The Faculty of Social Sciences
Israel under stress: Shedding new light on unconscious prejudice toward Jewish Ethiopians and Israeli-born Arabs
Israel, a country of immigrants and minorities, is faced with the challenge of overcoming color- and ethnicity-based inequality. Favoring ethnic, racial or other insiders over outsiders is a well-documented aspect of human behavior. Decades of research in social psychology show that individuals are more generous (Rand et al., 2009), cooperative (Yamagishi, Jin, & Kiyonari, 1999) and trusting (Foddy, Platow, & Yamagishi, 2009) toward members of one’s in-group in comparison to out-group members.
While psychological research underlying intergroup dynamics continues to flourish, the neurobiological mechanisms underlying them remain poorly understood. My doctoral research leverages innovative methods of assaying biomarkers and quantifying social cognition to examine if autonomic, non-conscious changes in social cognition of in-group members are facilitated by acute-stress exposure. Specifically, does exposing members of Israel's majority groups (Jewish Ashkenazi and Mizrachi) to stress result in implicit changes in their perception of out-group members (Jewish Ethiopians and Israel-born Arabs). This research is intermeshed with central themes of Israeli society, as my central hypothesis is that stress will increase social-cognitive biases of Jewish Ashkenazi and Mizrachi toward Jewish Ethiopians and Israel-born Arabs.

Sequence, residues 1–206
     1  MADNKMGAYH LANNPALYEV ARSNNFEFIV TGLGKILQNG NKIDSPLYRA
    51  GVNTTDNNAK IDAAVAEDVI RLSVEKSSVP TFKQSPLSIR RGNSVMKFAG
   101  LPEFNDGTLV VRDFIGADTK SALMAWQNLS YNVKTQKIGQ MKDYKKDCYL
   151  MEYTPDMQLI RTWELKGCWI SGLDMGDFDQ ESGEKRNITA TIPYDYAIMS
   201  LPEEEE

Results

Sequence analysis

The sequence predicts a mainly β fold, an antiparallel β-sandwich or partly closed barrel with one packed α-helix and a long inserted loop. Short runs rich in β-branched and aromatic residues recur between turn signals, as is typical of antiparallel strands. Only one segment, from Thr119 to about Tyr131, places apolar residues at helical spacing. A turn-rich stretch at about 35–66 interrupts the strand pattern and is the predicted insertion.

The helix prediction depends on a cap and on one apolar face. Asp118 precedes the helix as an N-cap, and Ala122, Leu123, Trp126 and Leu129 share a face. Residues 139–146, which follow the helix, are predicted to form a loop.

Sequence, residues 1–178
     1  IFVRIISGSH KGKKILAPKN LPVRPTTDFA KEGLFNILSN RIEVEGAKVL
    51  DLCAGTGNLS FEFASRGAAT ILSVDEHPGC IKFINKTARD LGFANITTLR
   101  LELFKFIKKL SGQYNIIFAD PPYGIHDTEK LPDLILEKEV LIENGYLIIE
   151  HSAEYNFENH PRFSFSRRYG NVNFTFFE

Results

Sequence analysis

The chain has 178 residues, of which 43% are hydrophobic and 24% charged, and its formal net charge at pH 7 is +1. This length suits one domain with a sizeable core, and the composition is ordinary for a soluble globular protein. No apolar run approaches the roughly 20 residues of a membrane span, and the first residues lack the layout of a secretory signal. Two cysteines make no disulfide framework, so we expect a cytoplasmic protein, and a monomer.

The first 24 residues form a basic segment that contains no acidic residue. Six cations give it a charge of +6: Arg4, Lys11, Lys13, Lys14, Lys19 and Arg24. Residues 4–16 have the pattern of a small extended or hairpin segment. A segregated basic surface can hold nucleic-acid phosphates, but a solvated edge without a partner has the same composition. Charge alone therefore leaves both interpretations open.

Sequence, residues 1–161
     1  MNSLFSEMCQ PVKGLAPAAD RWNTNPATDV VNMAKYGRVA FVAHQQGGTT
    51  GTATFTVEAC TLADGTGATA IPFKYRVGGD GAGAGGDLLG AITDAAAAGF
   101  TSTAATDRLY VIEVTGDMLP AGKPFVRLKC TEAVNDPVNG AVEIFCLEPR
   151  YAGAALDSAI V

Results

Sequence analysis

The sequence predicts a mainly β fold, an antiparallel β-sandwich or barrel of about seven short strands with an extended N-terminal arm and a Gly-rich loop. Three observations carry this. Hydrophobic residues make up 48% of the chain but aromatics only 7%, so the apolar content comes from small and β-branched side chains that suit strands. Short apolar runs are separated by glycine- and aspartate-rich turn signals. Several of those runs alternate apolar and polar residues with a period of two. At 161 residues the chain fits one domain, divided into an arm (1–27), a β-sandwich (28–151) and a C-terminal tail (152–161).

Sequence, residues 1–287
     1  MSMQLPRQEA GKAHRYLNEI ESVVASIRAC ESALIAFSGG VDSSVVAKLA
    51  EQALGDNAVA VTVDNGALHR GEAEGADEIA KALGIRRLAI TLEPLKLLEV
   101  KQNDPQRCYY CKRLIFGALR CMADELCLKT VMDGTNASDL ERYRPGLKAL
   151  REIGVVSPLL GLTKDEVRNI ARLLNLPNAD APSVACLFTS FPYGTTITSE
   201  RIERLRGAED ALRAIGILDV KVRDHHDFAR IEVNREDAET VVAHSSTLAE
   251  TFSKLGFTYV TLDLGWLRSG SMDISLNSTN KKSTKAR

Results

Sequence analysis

Since many of the contexts by which implicit biases are likely to manifest (e.g., over-policing) are stressfully loaded, the current study can assist in developing both awareness and novel intervention programs to address non-conscious processes underlying prejudice.